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Does Trying To Repeal Obamacare Actually Increase Its Appeal?

Welcome to Pollapalooza, our weekly polling roundup.

Poll(s) of the week

On Monday, the Trump administration once again took aim at the Affordable Care Act, this time saying it wants to entirely scrap the health law. This marked a major turning point, as the administration had previously argued that portions of the law should remain intact, including protections for people with preexisting medical conditions. But now President Trump and Justice Department lawyers are asking the courts to uphold a federal judge’s decision from December that found the entire law unconstitutional.

If the law is struck down without a plan to replace it, this means millions of people could lose coverage, which would be a political disaster for Trump — especially as more than half of Americans hold a “very” or “somewhat” favorable view of the health law.

This is according to the Kaiser Family Foundation, which has tracked the law’s favorability every month since it was first signed into law nearly a decade ago in 2010. As you can see in the chart below1, while the health care law has struggled in popularity over the years, late 2016 marked an inflection point, in which the law inched upward in popularity among the American public (although it has remained largely unpopular among Republicans).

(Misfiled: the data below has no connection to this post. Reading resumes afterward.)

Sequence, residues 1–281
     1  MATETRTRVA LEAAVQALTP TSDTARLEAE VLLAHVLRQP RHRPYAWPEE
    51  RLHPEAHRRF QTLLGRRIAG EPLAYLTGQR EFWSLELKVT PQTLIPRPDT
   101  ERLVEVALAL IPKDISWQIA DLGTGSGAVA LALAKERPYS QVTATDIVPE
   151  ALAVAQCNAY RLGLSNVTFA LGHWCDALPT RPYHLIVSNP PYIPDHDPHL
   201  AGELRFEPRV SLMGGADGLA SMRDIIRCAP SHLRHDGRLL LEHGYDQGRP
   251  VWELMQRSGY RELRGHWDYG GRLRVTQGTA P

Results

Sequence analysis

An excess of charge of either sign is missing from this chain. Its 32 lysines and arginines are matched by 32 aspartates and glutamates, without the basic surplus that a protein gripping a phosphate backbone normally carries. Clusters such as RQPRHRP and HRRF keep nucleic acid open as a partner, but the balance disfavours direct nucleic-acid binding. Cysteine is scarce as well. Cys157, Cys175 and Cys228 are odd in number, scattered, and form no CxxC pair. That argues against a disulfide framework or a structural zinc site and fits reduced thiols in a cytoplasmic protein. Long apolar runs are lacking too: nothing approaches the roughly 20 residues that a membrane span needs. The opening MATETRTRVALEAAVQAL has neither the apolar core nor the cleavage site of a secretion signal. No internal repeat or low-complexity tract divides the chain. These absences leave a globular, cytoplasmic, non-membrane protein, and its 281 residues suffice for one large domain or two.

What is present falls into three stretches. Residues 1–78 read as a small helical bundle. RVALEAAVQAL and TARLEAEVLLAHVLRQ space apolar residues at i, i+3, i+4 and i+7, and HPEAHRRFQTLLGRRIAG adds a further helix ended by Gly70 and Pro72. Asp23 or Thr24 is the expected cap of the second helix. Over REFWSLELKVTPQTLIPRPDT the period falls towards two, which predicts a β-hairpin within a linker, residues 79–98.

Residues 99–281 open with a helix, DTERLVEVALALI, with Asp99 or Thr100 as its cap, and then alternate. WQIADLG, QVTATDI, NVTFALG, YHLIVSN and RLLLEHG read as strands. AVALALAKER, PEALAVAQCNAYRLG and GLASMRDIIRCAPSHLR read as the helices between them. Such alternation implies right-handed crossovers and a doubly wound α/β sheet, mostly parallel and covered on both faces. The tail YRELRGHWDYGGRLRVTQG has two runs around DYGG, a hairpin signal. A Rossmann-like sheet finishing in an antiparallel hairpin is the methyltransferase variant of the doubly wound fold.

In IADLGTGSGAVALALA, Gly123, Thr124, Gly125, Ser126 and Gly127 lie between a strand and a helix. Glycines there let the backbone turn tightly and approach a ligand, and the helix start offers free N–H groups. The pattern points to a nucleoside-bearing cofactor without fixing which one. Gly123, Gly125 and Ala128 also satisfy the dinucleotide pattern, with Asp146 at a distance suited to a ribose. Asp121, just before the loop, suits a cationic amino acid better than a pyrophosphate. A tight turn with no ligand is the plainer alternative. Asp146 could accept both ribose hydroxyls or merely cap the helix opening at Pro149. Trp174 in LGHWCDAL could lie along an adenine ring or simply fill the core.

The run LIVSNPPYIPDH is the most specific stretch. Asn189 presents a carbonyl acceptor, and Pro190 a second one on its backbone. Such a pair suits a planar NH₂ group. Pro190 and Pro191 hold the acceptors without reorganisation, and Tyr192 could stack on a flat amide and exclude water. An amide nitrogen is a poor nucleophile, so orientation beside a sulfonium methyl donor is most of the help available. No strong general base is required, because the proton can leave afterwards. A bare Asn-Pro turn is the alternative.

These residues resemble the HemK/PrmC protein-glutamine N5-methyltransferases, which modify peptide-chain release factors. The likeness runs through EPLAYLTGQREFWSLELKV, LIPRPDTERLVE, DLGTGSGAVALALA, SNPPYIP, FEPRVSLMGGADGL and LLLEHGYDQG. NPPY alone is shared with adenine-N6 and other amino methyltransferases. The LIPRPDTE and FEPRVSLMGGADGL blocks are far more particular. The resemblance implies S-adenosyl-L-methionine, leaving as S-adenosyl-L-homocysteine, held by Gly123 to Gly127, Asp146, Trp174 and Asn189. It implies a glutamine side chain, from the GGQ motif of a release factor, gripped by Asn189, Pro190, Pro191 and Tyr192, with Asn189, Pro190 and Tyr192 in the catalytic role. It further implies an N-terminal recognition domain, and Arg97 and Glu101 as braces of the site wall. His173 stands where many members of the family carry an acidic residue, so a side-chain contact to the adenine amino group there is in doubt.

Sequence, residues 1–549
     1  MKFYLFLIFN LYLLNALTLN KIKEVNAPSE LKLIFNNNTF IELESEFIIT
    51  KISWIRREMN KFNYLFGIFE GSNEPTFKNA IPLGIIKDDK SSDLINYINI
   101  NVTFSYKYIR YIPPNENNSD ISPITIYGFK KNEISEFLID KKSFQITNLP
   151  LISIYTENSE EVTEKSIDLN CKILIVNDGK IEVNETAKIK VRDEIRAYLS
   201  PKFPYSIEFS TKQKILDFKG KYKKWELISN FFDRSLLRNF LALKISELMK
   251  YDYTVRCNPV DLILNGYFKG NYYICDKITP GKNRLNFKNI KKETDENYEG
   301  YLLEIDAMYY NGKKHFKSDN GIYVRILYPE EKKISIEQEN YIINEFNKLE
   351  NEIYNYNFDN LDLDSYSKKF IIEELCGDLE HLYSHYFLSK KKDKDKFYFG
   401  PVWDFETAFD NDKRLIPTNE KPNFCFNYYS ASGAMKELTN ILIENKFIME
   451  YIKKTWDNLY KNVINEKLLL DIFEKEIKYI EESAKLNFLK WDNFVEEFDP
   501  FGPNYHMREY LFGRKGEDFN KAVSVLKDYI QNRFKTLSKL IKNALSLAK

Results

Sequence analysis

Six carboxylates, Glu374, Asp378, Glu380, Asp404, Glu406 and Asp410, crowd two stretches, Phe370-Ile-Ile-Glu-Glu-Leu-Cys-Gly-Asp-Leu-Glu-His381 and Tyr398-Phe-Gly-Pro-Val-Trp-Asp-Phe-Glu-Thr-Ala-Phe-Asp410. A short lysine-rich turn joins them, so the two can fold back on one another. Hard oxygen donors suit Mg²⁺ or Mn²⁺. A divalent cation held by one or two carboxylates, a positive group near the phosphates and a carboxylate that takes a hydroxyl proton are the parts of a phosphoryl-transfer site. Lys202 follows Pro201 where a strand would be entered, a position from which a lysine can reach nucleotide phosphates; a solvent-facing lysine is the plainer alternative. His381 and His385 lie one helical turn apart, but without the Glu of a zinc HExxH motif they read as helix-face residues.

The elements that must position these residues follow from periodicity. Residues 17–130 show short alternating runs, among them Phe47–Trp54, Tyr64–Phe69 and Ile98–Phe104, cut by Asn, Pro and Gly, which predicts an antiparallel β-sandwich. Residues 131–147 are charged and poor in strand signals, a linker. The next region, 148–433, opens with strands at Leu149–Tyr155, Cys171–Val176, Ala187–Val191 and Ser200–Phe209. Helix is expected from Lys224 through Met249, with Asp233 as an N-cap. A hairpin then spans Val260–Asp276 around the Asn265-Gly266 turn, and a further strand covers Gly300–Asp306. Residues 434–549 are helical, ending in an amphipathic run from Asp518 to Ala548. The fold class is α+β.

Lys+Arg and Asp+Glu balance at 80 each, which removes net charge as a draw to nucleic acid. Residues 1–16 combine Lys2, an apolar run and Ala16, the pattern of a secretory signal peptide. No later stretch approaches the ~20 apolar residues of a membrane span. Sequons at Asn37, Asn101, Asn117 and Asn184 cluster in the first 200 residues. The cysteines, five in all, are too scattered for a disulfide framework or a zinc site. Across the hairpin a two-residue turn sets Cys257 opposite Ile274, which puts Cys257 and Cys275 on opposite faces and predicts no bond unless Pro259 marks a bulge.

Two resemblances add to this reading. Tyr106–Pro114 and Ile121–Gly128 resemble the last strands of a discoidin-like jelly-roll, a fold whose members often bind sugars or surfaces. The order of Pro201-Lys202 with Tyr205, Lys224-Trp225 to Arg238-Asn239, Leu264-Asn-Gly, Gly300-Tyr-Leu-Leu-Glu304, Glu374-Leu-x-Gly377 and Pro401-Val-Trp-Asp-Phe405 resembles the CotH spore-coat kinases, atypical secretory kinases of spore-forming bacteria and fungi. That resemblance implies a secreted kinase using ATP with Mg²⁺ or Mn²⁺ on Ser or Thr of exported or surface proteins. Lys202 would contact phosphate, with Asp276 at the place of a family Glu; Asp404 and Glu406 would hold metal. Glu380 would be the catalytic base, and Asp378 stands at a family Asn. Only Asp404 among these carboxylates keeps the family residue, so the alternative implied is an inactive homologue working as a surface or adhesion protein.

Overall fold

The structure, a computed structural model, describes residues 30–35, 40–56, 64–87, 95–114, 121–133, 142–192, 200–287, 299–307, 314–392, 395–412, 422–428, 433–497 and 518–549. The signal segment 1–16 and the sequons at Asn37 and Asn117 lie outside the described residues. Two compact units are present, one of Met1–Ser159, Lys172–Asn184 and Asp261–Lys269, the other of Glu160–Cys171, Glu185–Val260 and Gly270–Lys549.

“It wasn’t until the repeal-and-replace debate that some of the real benefits of the law became clear to people,” said Mollyann Brodie, a senior vice president at the Kaiser Family Foundation, referring to congressional Republicans’ efforts in 2017 to repeal and replace the law. “Given our experience of what we observed during repeal and replace, I think that it’s certainly the case that when people feel like there is a real threat to this law, there is a real rallying-around-the-law effect.” The March numbers were just released this week, showing an overall net favorability of about +10, but Brodie said they expect to see a bump in favorability if the Trump administration renews its efforts to dismantle the ACA.

In fact, since 2016, support for the law has increased significantly across every demographic group KFF tracks with one notable exception — people that identify as Republicans.2 Trump campaigned on repealing Obamacare, so renewed efforts to repeal the law could be a play to his base.

Republicans continue to hold out against Obamacare

Change in average net favorability rating of the Affordable Care Act from 2016 to 2019

Avg. Net Favorability
2016 2019 Change
Party Democrat +50 +67 +17
Independent -9 +10 +19
Republican -64 -63 +1
Income Less than $40,000 +5 +19 +14
$40,000-$89,999 -12 +10 +22
$90,000 or more -7 +1 +8
Age 18-29 +11 +30 +19
30-49 -5 +12 +17
50-64 -10 +1 +11
65+ -10 +5 +15
Gender Men -9 +4 +13
Women +1 +19 +18
Race/ethnicity White -20 -5 +15
Black +43 +53 +10
Hispanic +19 +42 +23
Overall -4 +12 +16